What sets Brute Force apart from other film noirs, aside from its setting, is that it is an overly violent film for its era. Wilson (James O'Rear), one of the prison's snitches, is killed in a steel press in the workshop. Munsey beats a prisoner who is strapped to a chair. The violence of the climactic fight between Joe and Captain Munsey was such it ran afoul of the MPAA Production Code Administration. Even by today's standards, the violence in Brute Force can be shocking at times.

To a degree Brute Force seems dated (particularly in its portrayal of women), it remains a harrowing film about prison life in the Forties. It remains a hard-hitting critique of the prison system as it was at the time.

Sunday, November 21, 2021

"Born to Raise Hell" by Cheap Trick

"Born to Raise Hell" was one of four songs written by Rick Nielsen of Cheap Trick and performed by Cheap Trick for the classic, Canadian animated feature film Rock & Rule (1983). Like the other Cheap Trick songs from Rock & Rule, it would remain unreleased until it appeared on the 1996 boxed set Sex, America, Cheap Trick. It was one of my favourite Cheap Trick songs. It also happens to one of their angriest. Sadly, "Born to Raise Hell" has also fit my mood the past few days.

Friday, November 19, 2021

Broken Arrow the TV Series

Native Americans did not fare well during the Golden Age of Hollywood. They did not fare particularly well in the early days of television either. Indeed, the most familiar Native American character to television viewers in the Fifties was probably The Lone Ranger's sidekick Tonto, who was something of a stereotype. Fortunately, things began to change in the late Forties with more sympathetic portrayals of Native Americans in films. Among the films with a more sympathetic portrayal of Native Americans was Broken Arrow (1950). It was the success of Broken Arrow (1950) that would lead to the television series Broken Arrow, one of two shows in the Fifties that centred on a Native American character (the other being Brave Eagle).

The movie Broken Arrow (1950) was based on the 1947 novel Blood Brother by Elliott Arnold. Like the novel, the movie was a fictionalized account of the friendship between Indian agent Tom Jeffords(James Stewart)  and  Chiricahua Apache chief Cochise (Jeff Chandler). While Cochise was played by a white actor (as were the other Native characters, with the exception of Geronimo, played by Jay Silverheels) , the movie was progressive for its time insofar as it presented a sympathetic view of both Cochise and the Apache. Not only was Broken Arrow nominated for three Oscars, but it also did very well at the box office. It was the eighth highest grossing film for 1950.

It was in 1955 that The 20th Century Fox Hour debuted on CBS. The 20th Century Fox Hour aired hour-long adaptation of 20th Century Fox movies. Among these movies was Broken Arrow, starring Ricardo Montalbán as Cochise and John Lupton as Tom Jeffords, which aired on May 2 1956. It was this episode of The 20th Century Fox Hour that led to the TV series Broken Arrow. Like the movie and the 20th Century Fox Hour before it, Cochise was once more played by someone who was not Native American. Michael Ansara was a Syrian American of Lebanese descent. Broken Arrow was not the first time he had played a Native American. He had played The Prophet in the 1952 Western Brave Warrior.  On television he had played a Native character on The Adventures of Rin Tin Tin. For the role of Tom Jeffords, Broken Arrow retained John Lupton from the 20th Century Fox Hour episode.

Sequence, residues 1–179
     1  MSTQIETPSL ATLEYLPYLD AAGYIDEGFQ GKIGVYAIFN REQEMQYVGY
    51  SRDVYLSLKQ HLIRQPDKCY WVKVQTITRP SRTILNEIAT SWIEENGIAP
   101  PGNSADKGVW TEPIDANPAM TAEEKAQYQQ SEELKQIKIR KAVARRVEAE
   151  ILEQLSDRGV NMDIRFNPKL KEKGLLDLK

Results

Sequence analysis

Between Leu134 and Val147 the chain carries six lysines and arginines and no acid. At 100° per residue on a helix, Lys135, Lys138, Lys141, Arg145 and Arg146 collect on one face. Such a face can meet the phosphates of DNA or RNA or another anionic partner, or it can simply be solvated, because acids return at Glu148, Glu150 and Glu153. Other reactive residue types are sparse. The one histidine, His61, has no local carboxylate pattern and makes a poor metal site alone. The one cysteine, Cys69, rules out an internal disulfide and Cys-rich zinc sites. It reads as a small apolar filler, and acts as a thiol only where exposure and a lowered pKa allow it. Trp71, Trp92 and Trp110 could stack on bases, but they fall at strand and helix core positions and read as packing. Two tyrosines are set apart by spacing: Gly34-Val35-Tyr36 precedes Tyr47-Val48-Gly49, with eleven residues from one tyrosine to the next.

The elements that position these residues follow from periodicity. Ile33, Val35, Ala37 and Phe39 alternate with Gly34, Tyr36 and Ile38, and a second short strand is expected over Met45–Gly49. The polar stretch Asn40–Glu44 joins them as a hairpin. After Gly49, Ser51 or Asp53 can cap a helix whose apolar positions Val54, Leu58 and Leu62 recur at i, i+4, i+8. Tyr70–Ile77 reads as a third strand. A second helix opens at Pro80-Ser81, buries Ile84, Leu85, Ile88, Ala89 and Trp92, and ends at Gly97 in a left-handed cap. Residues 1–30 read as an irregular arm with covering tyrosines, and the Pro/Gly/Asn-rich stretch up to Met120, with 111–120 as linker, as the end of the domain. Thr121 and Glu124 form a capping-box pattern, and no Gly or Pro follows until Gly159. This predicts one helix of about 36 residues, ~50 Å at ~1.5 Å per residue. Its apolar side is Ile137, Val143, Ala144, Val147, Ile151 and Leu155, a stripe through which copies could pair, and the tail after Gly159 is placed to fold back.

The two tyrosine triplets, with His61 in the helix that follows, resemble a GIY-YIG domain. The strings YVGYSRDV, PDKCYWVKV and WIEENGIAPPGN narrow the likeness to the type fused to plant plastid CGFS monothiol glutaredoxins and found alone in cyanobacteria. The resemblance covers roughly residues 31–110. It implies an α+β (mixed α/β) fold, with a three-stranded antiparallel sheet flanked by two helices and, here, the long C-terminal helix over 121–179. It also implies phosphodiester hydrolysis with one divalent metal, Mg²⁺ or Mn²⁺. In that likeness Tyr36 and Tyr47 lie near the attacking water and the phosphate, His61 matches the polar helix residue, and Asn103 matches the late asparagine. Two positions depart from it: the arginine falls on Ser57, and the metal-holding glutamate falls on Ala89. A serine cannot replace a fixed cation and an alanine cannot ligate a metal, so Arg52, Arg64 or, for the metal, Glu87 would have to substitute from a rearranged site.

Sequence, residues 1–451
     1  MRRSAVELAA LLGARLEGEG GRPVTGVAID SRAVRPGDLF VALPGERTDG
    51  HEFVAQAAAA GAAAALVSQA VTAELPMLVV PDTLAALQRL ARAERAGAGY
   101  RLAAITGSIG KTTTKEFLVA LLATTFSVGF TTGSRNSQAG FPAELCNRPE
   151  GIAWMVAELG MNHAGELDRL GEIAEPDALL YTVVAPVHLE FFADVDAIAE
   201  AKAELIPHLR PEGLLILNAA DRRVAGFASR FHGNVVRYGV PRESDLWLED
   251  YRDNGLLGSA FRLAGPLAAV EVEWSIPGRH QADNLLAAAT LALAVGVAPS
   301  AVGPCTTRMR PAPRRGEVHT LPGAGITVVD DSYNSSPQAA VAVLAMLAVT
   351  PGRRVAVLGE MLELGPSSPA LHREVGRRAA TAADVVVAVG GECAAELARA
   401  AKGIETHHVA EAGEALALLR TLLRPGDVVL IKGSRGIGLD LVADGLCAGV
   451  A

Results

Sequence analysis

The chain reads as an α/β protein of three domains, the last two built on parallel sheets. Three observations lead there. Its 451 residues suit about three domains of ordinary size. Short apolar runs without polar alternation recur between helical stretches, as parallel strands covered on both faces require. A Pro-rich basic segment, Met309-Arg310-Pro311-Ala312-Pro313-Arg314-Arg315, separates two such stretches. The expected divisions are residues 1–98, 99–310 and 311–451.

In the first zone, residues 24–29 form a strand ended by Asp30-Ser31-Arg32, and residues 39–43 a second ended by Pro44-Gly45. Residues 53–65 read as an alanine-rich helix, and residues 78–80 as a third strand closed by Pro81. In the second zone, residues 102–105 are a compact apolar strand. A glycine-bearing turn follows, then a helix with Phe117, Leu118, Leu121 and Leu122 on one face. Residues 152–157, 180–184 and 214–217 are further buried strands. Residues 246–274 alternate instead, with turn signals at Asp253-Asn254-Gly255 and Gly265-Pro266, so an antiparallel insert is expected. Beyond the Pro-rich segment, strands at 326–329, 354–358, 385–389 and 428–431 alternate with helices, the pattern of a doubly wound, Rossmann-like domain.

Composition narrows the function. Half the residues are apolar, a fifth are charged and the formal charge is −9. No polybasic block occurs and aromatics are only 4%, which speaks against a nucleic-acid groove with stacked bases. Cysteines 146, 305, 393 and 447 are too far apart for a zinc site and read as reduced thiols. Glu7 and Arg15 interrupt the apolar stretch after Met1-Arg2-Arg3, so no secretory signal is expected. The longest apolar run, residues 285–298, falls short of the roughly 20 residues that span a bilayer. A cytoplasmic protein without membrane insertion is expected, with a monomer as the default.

Broken Arrow debuted on ABC on September 25 1956. It benefited from a particularly good time slot, following the hit Westerns Cheyenne (which rotated with the anthology show Conflict) and The Life and Legend of Wyatt Earp at 9:00 PM Eastern/8:00 PM Central. It then did well enough in the ratings to be renewed for a second season. That second season would be its last. Broken Arrow was rerun on ABC from April to September 1959 as a summer replacement series.

As stated earlier, Broken Arrow was a [progressive show for its time. Its Native American characters were treated sympathetically and they did not speak in the stereotypical broken English seen on many other Westerns. The first three episodes more or less followed the plot of the 1950 movie. For the most part the villains were corrupt white men. An exception to this rule was Geronimo, who appears as Cochise's opponent in a few episodes. Even as Cochise's opponent, Geronimo was treated sympathetically.

Of course, Broken Arrow is a product of its time. Like the movie, to a degree it offers a romanticized,  idealized view of Native Americans. If the show does not cling entirely to the noble savage stereotype, it comes close. A greater objection to the show is that the Native American characters are not played by Native American actors. Sadly, this would remain the norm well into the Sixties.

Broken Arrow would not be the last time Michael Ansara played a Native American. During the 1959-1960 season on the TV show Law of the Plainsman, he played U.S. Marshal Sam Buckhart, an Apache who was educated at Harvard after saving the life of a U.S. Cavalry officer. Although it might be better remembered than Broken Arrow, it only lasted one season.

Broken Arrow is not a well-remembered show, but it is a significant one as the one of the first to present a sympathetic view of Native Americans, as well as one of the first to feature a Native American character as one of the leads.

Thursday, November 18, 2021

"California Dreamin'" by The Mamas and the Papas